Skip to content

Emergency protective order denied in Fla. prior restraint case

Post categories

  1. Prior Restraint
A Duval County, Fla., judge on Wednesday denied a motion for an emergency protective order that sought to ban news…

A Duval County, Fla., judge on Wednesday denied a motion for an emergency protective order that sought to ban news organizations from publishing details of James Patrick Tadros’ arrest.

Jacksonville, Fla. TV station WJXT TV 4 had published portions of Tadros’ arrest record on Aug. 29 after Judge Adrian G. Soud issued a temporary injunction banning its publication. Tadros’ attorney argued that the report contained an alleged confession that was exempt from disclosure under Florida law.

Tadros is charged with false imprisonment, criminal mischief and attempted murder of a 9-year-old girl in a Best Buy restroom.

Soud’s ruling denying the motion explains that arrest and booking reports are public records, but Florida law allows some parts to be redacted. But the WJXT TV 4 reporter obtained – and later published – an unredacted version of the report due to an error committed by a clerk at the Duval County Courthouse.

Edward Birk, the station’s attorney, had argued that even if the report was not a public record the station could not be punished since it lawfully obtained the document. Soud agreed in his ruling Wednesday.

“Although a government may deny access to information and punish its theft, a government may not prohibit or punish the publication of the information once it falls into the hands of the press unless the need for secrecy is ‘manifestly overwhelming,’” Soud wrote.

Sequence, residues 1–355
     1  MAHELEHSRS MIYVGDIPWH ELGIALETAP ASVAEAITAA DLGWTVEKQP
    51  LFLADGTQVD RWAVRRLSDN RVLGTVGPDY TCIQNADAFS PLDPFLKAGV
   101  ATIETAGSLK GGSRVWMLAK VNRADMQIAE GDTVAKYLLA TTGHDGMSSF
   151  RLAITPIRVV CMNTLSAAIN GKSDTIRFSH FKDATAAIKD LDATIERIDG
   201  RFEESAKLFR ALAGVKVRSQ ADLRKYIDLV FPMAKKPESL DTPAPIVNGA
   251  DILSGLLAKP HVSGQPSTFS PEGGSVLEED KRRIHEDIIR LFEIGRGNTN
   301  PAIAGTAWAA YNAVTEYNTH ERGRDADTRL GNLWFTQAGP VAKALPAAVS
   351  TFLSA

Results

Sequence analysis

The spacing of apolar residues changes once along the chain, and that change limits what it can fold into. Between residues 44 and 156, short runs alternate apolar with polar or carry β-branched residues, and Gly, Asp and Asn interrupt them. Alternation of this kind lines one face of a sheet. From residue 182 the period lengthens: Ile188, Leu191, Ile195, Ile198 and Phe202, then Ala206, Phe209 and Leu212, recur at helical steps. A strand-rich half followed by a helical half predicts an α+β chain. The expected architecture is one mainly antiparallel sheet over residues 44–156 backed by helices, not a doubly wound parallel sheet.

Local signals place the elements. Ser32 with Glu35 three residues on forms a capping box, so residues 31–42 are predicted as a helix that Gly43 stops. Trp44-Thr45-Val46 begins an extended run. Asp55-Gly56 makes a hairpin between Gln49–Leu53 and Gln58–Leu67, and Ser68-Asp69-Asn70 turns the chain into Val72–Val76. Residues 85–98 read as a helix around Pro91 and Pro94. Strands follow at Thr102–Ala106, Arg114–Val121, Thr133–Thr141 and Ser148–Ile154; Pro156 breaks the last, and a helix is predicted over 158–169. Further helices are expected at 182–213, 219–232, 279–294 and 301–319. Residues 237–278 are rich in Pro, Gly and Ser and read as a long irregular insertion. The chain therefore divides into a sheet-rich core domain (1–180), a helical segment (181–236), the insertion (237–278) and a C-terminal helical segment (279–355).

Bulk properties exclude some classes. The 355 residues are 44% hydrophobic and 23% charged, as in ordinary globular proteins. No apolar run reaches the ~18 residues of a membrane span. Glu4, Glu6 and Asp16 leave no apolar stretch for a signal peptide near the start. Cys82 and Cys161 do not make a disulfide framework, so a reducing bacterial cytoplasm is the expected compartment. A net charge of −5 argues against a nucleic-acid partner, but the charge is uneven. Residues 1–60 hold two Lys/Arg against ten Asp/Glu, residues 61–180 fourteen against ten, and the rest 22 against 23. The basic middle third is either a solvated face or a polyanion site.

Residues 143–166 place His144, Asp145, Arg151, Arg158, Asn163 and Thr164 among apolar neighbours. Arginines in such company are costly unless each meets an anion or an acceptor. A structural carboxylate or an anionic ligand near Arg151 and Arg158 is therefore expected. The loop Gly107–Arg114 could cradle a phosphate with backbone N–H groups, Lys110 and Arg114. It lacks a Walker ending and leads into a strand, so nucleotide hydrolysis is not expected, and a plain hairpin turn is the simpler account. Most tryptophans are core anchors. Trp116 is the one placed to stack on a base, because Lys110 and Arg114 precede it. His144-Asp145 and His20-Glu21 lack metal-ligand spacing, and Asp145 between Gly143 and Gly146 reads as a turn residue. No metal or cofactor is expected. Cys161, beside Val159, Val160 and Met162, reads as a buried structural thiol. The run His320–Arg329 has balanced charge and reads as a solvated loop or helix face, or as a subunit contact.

Before WJXT TV 4 aired the unredacted report, it contacted the State Attorney’s Office and told it of its intent. At that point, the defendant filed the emergency motion asking the court to prevent the station from distributing what it learned from the unredacted copy.

After the station published the report in spite of the temporary injunction, Tadros’ attorneys asked the court to require WJXT TV 4 to show why it should not be held in contempt of court. Soud declined to find the station in contempt. He also ordered a hearing held on Monday to give media organizations the chance to express their concerns.

Birk argued in papers filed to the court last week that Soud's actions were "an unconstitutional prior restraint of the news media which the Sixth Amendment does not require and the First Amendment cannot tolerate.”

In finding for the media outlets, Soud agreed that forbidding the companies from publishing the report would be a prior restraint and that Tadros did not meet the “heavy burden” required to justify the restriction. Specifically, he found that “other alternatives short of prior restraint exist to ensure the Defendant’s right to a fair, public and speedy trial.”